As more and more Americans work unconventional hours, who is looking after their kids? Pacific Standard takes a look into the growing industry of 24-hour daycare businesses, where children are dropped off and picked up around the clock. Well-paid professionals may be able to afford overnight nannies at home, but lower-paid employees cannot. Bedtime happens at the daycare center. With an ever-expanding workweek, the daily supervised sleepover is destined to become the new normal.
Alissa Quart’s Pacific Standard feature, with photographs by Alice Proujansky, is available to subscribers—in print or digital formats—now, and will be posted online in full on Monday, November 10. Until then, an excerpt:
In the garden of Dee’s Tots Childcare, amid the sunflowers, cornstalks, and plastic cars, a three-year-old girl with beads in her braids and a two-year-old blond boy are shimmying. These are Deloris Hogan’s 6:45 p.m. pick-ups. Nearby, also dancing, are four kids who won’t be picked up until late at night, as well as two “overnight babies,” as Deloris calls them. Dee’s Tots stays open 24 hours a day, seven days a week; the children’s parents work unconventional hours, producing an unexpected cycle of drop-offs and reunions. One afternoon in August, the kids bounce on the center’s inflatable castles, rustle around at the sand tables, and eat a watermelon snack. Then it gets dark.
By 8:30 p.m., three-year-old Naima is in her pink polka-dot pajamas. Little Ivette and her watchful older sister, Diana, lie down on thin mattresses laid over yoga mats. Even with the lights dimmed, you can make out the bright posters on the wall, the costumes and the boxes of dolls and baby clothes, and the fluttering rainbow curtain dividing one of the rooms from the other. Aladdin is playing in the background; the Genie riffs. Deloris changes two-year-old Kaden’s diaper; next, she’ll give one-year-old Noah a bath. Watching the bedtime endgame at what might be called “extreme daycare” can be fretful. I fear that even efficient, poised Deloris won’t be able to wash all the kids in time for bed, and that I’ll have to keep myself from herding her wards to the bathroom and to their pallets. What if the children turn into tear-stained goblins of exhaustion before Deloris gets them tucked in? How will she manage it?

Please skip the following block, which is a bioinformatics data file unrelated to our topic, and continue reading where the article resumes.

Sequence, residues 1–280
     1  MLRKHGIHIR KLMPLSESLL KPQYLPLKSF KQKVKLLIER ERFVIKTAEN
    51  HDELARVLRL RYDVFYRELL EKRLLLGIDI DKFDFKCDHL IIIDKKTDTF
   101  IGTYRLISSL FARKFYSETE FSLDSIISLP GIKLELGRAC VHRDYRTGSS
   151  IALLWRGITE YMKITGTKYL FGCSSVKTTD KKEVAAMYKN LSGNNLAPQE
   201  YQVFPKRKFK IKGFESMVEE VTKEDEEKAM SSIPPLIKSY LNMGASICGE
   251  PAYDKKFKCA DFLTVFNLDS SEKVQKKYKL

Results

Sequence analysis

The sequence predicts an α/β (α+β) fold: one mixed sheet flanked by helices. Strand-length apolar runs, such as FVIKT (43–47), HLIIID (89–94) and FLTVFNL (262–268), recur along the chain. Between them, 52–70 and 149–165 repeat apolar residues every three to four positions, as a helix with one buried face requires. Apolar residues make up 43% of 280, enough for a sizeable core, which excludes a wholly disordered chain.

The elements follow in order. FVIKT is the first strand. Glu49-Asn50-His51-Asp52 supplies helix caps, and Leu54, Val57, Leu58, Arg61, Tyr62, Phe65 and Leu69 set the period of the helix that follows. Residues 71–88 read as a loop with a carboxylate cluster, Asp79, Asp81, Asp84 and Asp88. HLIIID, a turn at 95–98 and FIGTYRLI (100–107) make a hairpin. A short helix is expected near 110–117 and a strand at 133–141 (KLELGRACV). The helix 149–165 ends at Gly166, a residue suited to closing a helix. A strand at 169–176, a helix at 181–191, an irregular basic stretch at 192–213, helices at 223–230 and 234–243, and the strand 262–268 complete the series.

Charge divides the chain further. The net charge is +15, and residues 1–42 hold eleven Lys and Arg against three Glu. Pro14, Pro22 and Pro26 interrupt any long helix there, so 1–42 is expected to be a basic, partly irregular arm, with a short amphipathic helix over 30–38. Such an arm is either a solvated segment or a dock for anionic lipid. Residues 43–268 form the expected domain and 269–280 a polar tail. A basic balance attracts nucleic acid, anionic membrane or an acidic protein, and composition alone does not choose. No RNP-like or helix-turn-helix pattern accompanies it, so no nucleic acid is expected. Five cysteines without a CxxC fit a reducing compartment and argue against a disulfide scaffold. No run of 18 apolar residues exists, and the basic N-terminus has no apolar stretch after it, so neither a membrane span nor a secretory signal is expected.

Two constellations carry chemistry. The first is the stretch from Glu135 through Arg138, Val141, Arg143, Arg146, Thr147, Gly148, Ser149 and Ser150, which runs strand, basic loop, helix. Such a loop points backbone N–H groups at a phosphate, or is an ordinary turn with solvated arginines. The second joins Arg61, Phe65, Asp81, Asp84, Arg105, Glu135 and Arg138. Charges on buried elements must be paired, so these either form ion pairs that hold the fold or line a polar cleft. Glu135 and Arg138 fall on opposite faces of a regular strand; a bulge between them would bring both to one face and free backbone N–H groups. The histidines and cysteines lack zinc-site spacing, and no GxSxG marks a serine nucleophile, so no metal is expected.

The main room at Dee’s Tots looks like a supersized slumber party, but the truth is this is an ordinary day. Dee’s is only one of a number of 24-hour child care centers around the country. Just on this single block in New Rochelle, New York, there’s another facility, Little Blessings, that offers overnights as well. Little Blessings and Dee’s are in a nearly comic decoration-off, competing for kids with colored lights, giant Doras, and Spider-Men. Some round-the-clock centers play more toward parents, with aspirational names like Success Kidz 24 Hour Enrichment Center.
The growth of this industry makes sense: We now have an expanded workweek, often composed of unpredictable hours. Nearly 40 percent of Americans have non-standard work lives. (The average American adult also now works one and a quarter jobs.) Working people who live below the poverty line are particularly afraid to say no to these unusual schedules. They may have no one to say no to, anyway—those schedules might have been created by computers, rather than human managers, in the hopes of saving a corporation money. Many companies now use data and algorithms to schedule employees so fewer hours will be spent sitting around. The software doesn’t care if a shift falls in the middle of the night, or that it might tear a big hole in an employee’s family life.
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